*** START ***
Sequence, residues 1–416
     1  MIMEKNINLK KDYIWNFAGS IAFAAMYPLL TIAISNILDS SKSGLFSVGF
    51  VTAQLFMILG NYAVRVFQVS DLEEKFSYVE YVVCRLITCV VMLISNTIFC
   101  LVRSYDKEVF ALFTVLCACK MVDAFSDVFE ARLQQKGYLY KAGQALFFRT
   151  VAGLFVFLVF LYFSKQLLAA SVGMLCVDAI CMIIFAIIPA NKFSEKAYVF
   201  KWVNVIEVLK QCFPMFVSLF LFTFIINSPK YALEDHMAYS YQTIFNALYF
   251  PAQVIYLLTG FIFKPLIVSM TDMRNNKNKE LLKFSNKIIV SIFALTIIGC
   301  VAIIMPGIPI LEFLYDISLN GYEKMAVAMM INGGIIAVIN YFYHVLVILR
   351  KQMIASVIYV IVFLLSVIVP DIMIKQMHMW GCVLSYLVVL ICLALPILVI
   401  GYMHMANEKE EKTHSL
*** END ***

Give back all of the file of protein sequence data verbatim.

Sequence, residues 1–416
     1  MIMEKNINLK KDYIWNFAGS IAFAAMYPLL TIAISNILDS SKSGLFSVGF
    51  VTAQLFMILG NYAVRVFQVS DLEEKFSYVE YVVCRLITCV VMLISNTIFC
   101  LVRSYDKEVF ALFTVLCACK MVDAFSDVFE ARLQQKGYLY KAGQALFFRT
   151  VAGLFVFLVF LYFSKQLLAA SVGMLCVDAI CMIIFAIIPA NKFSEKAYVF
   201  KWVNVIEVLK QCFPMFVSLF LFTFIINSPK YALEDHMAYS YQTIFNALYF
   251  PAQVIYLLTG FIFKPLIVSM TDMRNNKNKE LLKFSNKIIV SIFALTIIGC
   301  VAIIMPGIPI LEFLYDISLN GYEKMAVAMM INGGIIAVIN YFYHVLVILR
   351  KQMIASVIYV IVFLLSVIVP DIMIKQMHMW GCVLSYLVVL ICLALPILVI
   401  GYMHMANEKE EKTHSL